What Is Term Life Insurance?
Term life insurance, sometimes known as pure life insurance, is a type of life insurance that ensures the payment of a given death benefit if the insured person dies within a certain time period. When the term life insurance policy’s term expires, the policyholder has the option of renewing it for another term, converting the policy to permanent coverage, or allowing the policy to lapse.
How Does Term Life Insurance Work?
The premiums for term life insurance are calculated by the insurance company based on the policy’s value (the payment amount) as well as your age, gender, and health. A medical examination may be required in specific instances. Your driving record, current medications, smoking status, career, hobbies, and family history may all be questioned by the insurance provider.
If you die within the policy’s term, the insurer will pay your beneficiaries the face value of the policy. Beneficiaries may utilize this cash benefit, which is usually not taxable, to pay for medical and funeral expenses, consumer debt, or mortgage debt, among other things. There is no reimbursement if the policy expires before your death. You may be able to renew a term policy after it expires, but your rates will be recalculated based on your age.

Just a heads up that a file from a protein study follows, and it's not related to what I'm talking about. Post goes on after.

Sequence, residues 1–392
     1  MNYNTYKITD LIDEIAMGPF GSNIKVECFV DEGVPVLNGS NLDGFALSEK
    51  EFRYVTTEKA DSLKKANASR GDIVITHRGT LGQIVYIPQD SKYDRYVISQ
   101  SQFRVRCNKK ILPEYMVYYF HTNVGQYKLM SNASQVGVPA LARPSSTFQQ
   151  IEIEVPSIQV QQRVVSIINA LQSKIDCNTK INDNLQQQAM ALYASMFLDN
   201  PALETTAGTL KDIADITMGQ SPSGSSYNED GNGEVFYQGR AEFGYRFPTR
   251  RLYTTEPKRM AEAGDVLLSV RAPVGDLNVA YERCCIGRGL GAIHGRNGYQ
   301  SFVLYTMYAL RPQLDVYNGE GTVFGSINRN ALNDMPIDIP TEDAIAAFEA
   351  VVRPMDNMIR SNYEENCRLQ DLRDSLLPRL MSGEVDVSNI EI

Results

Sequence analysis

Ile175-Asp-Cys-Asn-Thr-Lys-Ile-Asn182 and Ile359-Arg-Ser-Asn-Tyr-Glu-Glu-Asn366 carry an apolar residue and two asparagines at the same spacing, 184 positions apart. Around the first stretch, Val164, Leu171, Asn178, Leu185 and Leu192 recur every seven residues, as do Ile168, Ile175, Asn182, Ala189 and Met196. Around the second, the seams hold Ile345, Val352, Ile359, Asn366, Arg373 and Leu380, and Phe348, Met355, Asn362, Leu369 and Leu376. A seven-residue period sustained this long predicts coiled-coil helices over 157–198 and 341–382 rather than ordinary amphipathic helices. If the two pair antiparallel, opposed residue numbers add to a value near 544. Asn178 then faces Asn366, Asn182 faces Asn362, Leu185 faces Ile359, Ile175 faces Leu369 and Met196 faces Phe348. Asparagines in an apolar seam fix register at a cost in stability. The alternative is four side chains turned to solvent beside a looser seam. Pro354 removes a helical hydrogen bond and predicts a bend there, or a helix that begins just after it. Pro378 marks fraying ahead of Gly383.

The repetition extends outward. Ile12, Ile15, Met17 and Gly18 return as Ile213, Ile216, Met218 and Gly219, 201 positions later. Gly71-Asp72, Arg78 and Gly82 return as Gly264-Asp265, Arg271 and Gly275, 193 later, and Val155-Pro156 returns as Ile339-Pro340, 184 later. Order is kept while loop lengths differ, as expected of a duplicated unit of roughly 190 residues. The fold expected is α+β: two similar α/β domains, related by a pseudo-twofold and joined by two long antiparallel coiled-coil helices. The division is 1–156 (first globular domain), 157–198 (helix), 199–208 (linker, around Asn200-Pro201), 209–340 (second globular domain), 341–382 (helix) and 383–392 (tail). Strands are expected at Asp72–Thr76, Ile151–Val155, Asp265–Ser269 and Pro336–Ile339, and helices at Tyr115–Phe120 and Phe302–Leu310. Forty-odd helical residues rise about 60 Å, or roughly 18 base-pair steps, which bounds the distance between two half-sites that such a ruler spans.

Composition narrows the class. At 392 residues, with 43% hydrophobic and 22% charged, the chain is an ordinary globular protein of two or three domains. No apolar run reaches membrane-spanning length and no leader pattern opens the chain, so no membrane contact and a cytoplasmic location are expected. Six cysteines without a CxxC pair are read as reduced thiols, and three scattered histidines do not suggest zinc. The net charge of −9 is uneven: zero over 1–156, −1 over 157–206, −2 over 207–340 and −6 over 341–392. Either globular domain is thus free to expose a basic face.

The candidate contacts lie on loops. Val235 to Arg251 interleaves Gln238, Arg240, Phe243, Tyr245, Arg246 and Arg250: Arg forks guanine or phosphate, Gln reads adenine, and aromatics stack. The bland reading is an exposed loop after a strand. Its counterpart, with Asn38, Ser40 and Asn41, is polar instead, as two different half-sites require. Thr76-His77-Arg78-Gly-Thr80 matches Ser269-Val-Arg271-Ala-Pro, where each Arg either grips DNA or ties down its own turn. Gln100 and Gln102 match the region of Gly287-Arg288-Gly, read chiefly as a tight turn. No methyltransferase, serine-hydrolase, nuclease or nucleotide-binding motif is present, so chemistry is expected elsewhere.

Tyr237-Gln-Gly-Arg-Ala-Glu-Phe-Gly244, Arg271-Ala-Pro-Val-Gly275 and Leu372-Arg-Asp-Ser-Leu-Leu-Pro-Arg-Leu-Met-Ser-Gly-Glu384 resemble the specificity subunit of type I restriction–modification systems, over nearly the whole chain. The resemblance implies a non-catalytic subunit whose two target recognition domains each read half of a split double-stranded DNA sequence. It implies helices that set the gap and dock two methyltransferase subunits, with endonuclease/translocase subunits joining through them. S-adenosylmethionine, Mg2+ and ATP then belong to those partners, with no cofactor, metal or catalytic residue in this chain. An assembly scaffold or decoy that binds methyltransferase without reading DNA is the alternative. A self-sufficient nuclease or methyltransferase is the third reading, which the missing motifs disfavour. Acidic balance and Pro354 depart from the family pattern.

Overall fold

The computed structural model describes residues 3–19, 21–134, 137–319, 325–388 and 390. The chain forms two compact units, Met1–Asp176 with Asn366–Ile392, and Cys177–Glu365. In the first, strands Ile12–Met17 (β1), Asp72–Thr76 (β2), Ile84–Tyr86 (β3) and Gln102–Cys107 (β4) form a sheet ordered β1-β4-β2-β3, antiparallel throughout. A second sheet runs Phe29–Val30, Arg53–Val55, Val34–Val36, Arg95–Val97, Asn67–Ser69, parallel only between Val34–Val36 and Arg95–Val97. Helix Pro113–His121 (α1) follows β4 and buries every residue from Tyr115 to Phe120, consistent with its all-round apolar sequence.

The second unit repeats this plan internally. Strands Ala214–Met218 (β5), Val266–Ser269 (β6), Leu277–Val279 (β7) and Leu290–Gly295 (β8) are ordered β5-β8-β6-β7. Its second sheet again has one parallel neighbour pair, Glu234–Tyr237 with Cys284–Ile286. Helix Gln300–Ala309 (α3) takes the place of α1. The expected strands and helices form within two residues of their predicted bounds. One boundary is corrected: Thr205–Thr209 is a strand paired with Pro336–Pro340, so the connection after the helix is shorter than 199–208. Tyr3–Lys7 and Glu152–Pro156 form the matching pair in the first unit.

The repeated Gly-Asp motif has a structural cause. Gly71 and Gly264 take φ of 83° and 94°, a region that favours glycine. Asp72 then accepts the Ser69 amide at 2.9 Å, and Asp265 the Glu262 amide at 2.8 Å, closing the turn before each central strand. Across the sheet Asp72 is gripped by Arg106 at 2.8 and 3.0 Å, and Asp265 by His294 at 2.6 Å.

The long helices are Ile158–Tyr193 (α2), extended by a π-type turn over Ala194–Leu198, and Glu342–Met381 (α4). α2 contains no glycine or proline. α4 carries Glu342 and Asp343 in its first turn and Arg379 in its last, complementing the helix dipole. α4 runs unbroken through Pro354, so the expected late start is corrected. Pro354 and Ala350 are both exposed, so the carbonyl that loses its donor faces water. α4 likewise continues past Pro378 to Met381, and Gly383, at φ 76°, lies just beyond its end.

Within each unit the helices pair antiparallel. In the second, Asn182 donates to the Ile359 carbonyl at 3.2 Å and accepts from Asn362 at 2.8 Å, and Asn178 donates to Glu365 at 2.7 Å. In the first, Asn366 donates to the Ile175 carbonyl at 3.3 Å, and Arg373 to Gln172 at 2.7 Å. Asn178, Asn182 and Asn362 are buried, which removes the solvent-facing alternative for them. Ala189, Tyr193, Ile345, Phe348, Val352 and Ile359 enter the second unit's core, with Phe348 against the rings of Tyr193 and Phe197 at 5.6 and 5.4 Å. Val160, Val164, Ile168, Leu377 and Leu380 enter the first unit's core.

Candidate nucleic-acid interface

Aside from the guaranteed death reward, term life insurance has little value. There are no savings features like there are with a whole life insurance policy. Because it only pays out for a limited period of time and only provides a death benefit, term life insurance is usually the most affordable option.
The overall risk to the insurer is smaller than that of a permanent life policy because most term life insurance policies expire before paying a death benefit. As a result of the lower risk, insurers can pass on cost savings to clients in the form of cheaper premiums. Premiums are also affected by interest rates, the financial health of the insurance firm, and state legislation.